The air line lubricators such as the one illustrated, are normally intended for use along pneumatic air lines which supply air under pressure to pneumatic tools. The purpose of the lubricator is to furnish a predetermined amount of oil vapor in the air line which will assist in lubricating the tool. In the present instance the lubricant is picked up by the air passing through the cap 11 as it wipes oil from the sintered metal wick 16. The sintered metal wick is held in the upper housing by means of any convenient fastening; in the present instance, a threaded sleeve 18.

The oil or other fluid from the reservoir reaches the sintered metal wick 16 through a tube 19 which extends downward from the threaded sleeve 18. An adjusting collar 24 is threaded to the outer portion of the wick sleeve 18, and provides a means for variably adjusting the extent to which the sintered metal wick 16 extends into the air passage in the cap 11. A washer 25 seals and fixes the position of the collar 24 on the sleeve 18 thereby positioning the wick 16 in the air stream.

The automatic feed mechanism utilizes the air line lubricator construction described above. The existing units are usually manually fed with a supply of 'oil through means such as a filler cap 13 in the cap 11.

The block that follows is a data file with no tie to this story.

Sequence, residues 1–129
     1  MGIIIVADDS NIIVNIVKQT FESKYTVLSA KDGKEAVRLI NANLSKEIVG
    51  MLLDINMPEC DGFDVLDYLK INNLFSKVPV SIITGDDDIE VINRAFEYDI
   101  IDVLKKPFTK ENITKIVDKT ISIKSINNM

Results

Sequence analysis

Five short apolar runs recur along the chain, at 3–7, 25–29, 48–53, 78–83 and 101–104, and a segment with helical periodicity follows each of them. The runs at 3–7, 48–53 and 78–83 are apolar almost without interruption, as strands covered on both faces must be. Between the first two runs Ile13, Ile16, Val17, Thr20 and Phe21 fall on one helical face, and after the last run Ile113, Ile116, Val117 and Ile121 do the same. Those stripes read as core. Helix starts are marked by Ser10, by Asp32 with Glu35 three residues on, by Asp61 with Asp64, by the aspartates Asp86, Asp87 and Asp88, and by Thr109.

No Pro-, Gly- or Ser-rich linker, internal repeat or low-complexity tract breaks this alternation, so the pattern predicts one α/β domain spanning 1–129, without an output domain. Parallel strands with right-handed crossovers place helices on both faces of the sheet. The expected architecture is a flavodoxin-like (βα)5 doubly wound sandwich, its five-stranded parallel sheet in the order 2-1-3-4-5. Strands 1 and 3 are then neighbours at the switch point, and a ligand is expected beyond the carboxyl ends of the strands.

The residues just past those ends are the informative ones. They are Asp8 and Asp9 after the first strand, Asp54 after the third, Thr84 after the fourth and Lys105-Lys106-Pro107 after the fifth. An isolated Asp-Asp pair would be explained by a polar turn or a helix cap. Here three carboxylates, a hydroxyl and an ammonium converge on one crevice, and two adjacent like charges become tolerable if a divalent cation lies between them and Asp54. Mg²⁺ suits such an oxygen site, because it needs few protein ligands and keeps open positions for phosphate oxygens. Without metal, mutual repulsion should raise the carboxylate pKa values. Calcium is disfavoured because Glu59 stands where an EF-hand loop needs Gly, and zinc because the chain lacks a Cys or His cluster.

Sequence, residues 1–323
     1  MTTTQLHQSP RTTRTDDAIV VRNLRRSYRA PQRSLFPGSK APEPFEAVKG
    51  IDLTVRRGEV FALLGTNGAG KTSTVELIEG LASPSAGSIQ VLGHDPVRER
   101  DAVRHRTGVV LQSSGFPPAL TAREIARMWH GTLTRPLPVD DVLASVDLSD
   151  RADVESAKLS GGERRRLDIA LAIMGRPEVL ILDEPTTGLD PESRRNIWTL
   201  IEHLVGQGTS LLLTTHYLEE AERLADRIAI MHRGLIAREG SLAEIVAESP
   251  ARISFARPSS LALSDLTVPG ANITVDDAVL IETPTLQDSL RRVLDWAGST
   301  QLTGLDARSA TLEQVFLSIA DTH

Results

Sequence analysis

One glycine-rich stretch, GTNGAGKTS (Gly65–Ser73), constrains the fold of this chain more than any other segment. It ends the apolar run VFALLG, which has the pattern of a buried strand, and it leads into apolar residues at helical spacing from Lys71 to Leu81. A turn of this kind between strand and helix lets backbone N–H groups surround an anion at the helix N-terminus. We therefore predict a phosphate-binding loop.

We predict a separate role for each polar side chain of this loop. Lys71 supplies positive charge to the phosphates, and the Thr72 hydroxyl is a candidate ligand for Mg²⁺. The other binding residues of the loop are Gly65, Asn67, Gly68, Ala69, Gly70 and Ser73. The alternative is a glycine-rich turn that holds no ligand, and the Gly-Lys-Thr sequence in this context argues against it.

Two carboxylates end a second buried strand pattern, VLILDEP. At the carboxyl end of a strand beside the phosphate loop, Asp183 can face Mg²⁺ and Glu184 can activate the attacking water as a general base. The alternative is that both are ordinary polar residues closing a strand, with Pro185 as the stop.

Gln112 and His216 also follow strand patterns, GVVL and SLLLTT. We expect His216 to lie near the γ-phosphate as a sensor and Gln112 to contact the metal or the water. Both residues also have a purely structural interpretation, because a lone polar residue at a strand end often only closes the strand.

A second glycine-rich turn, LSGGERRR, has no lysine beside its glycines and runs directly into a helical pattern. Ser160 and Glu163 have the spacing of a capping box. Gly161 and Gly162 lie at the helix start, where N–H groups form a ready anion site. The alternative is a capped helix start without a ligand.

The unique automatic filling mechanism relies for its intelligence on a'float 30 which rides in the fluid in the reservoir 20. A hollow core in the float 30 is provided by means of its center being formed of a tube 31. The diameter of the tube 31 is slightly larger than the tube 19 through which the fluid passes upwardly to the wick In detail, the components of 16. The upward and downward movement of the .float 30 is guided by the coaction of the fluid tube and cylindricalcore of the float 30. I

The sensing ofthe fluid level by the float 30 is trans mitted to a valving mechanism 35 by means of a float link 32. It will be appreciated that fluid is constantly being supplied under pressure from a remote reservoir (not shown) through the line 34. This fluid passes up through a back-out check valve 36 in the base 38 of the check valve mechanism 35. Once the oil is in the check valve reservoir 39, the back-out check valve 36 prevents it from reentering the oil line 34.

The back-out check valve 36 is a free-floating sphere; that is, it is free to float within the check valve reservoir 39. The bottom of the check valve reservoir is conical in shape, thereby guiding the check valve 36 into a seated position if the fluid flow should tend to reverse.

The 'oil will move from the check valve reservoir 39 upward "into the main oil reservoir 20 only when permitted by the teardrop-shaped inlet valve 40. -As will be seen from Figs. 2 and 3, the teardrop 40 is attached to the float by means of float link 32, and seats against the base of the bore of a threaded sleeve 42. The sleeve 42 threads into bushing 44 which is cast in the base of the transparent reservoir 20.